The libraries are designed and organized to minimize dependencies, such that you can load just enough code for the task at hand rather than having to load all libraries or one monolithic chunk. The core library ( contains the essentials; it is a part of all ROOT applications. In the Figure 1-2 you see that is made up of base classes, container classes, meta information classes, operating system specific classes, and the ZIP algorithm used for compression of the ROOT files.

The Cling library ( is also needed in all ROOT applications, and even by libCore. A program referencing only TObject only needs libCore; libCling will be opened automatically. To add the ability to read and write ROOT objects one also has to load libRIO. As one would expect, none of that depends on graphics or the GUI.

Library dependencies have different consequences; depending on whether you try to build a binary, or you just try to access a class that is defined in a library. Linktime Library Dependencies

When building your own executable you will have to link against the libraries that contain the classes you use. The ROOT reference guide states the library a class is reference guide defined in. Almost all relevant classes can be found in libraries returned by root-config -glibs; the graphics libraries are retuned by root-config --libs. These commands are commonly used in Makefiles. Using root-config instead of enumerating the libraries by hand allows you to link them in a platform independent way. Also, if ROOT library names change you will not need to change your Makefile.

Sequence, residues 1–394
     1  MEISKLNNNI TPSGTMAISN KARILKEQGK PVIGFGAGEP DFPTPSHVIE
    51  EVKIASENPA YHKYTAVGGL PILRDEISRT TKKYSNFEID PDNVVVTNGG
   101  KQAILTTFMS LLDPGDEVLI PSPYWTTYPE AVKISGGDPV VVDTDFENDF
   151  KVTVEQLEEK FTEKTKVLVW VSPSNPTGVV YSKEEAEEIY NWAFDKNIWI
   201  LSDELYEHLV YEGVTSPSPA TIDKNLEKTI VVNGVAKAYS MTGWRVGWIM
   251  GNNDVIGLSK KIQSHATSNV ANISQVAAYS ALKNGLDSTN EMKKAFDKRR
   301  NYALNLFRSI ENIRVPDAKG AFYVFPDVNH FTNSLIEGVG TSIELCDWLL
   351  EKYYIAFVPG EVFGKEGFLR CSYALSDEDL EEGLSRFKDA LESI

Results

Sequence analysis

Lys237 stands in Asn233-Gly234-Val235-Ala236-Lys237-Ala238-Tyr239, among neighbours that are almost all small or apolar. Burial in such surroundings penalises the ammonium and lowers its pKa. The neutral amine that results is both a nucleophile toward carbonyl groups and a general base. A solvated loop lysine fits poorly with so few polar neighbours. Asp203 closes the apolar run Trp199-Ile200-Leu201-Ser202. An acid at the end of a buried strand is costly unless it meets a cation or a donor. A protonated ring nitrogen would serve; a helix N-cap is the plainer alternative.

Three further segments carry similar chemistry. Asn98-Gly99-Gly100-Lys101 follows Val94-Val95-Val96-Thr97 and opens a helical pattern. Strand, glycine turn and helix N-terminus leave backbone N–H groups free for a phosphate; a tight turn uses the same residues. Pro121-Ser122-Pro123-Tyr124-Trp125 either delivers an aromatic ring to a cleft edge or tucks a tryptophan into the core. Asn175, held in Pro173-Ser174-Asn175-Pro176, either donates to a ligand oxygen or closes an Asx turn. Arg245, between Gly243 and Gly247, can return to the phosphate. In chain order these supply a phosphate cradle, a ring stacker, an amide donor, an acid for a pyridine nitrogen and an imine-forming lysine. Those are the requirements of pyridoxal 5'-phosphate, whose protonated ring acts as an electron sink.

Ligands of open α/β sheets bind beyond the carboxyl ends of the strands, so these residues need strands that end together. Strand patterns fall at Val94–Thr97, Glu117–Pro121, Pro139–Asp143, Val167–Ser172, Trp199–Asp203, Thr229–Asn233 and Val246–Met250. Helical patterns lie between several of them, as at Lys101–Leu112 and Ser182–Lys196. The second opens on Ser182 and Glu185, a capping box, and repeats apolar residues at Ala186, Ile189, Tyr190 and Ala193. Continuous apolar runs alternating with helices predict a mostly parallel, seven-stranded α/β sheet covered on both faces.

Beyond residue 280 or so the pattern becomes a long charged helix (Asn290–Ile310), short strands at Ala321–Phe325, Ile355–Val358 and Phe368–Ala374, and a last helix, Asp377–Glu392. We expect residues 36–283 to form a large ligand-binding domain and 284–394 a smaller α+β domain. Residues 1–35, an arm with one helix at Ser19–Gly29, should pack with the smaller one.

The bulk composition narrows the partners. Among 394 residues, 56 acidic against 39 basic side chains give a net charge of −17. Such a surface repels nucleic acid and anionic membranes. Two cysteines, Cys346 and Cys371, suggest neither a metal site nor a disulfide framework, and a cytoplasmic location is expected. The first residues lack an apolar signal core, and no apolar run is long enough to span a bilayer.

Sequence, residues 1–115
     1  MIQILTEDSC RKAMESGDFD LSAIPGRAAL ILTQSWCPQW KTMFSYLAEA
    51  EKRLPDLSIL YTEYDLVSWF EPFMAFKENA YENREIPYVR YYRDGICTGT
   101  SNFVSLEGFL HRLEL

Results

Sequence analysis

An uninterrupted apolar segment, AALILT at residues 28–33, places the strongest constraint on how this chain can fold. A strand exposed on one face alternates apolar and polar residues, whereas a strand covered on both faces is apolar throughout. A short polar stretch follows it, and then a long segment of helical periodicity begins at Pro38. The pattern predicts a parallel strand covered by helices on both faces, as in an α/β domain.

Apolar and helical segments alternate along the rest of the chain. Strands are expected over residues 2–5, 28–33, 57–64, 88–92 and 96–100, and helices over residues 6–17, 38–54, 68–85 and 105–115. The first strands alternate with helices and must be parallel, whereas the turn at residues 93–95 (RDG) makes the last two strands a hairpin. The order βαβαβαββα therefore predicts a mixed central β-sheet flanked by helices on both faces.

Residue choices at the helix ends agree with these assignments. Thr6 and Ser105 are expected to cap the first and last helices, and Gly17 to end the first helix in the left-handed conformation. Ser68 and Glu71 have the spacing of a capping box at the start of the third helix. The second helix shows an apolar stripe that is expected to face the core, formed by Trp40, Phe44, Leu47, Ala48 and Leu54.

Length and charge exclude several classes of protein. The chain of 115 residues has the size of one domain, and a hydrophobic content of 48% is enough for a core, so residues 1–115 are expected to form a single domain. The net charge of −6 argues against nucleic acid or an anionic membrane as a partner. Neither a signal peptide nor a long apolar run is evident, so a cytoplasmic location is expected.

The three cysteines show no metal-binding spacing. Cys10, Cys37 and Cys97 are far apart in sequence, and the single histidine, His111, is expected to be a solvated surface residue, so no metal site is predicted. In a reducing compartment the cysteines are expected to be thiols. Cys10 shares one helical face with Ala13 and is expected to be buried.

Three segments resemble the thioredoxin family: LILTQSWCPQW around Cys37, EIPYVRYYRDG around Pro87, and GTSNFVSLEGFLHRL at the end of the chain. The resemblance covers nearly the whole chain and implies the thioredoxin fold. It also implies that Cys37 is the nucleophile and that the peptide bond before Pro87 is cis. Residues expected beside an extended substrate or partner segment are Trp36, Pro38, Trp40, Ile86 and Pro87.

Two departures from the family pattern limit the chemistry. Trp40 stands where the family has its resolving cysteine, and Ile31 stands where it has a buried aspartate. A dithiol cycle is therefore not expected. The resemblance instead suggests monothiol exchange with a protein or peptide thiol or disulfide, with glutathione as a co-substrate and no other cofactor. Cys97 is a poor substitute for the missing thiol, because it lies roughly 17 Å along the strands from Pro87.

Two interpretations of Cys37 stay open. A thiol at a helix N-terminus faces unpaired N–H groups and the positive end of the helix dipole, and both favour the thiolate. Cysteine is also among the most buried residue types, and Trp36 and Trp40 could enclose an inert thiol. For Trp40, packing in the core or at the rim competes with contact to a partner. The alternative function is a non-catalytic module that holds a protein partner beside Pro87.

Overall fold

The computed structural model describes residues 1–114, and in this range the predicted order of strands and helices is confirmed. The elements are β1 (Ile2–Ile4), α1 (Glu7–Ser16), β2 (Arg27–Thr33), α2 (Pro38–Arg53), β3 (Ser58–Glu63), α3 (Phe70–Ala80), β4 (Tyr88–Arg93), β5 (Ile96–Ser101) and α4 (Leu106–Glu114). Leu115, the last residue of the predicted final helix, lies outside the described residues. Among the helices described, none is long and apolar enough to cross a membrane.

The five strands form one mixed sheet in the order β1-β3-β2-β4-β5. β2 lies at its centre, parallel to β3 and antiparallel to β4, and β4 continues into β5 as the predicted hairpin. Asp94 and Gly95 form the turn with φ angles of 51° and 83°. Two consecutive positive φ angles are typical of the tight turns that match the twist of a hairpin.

A batch program that does not have a graphic display, which creates, fills, and saves histograms and trees, only needs to link the core libraries (libCore, libRIO), libHist and libTree. If ROOT needs access to other libraries, it loads them dynamically. For example, if the TreeViewer is used, libTreePlayer and all libraries libTreePlayer depends on are loaded also. The dependent libraries are shown in the ROOT reference guide's library dependency graph. The difference between reference guide libHist and libHistPainter is that the former needs to be explicitly linked and the latter will be loaded automatically at runtime when ROOT needs it, by means of the Plugin Manager. plugin manager

In the Figure 1-2, the libraries represented by green boxes outside of the core are loaded via the plugin manager plugin manager or equivalent techniques, while the white ones are not. Of course, if one wants to access a plugin library directly, it has to be explicitly linked. An example of a plugin library is libMinuit. To create and fill histograms you need to link If the code has a call to fit the histogram, the 「fitter」 will dynamically load libMinuit if it is not yet loaded. Plugins: Runtime Library Dependencies for Linking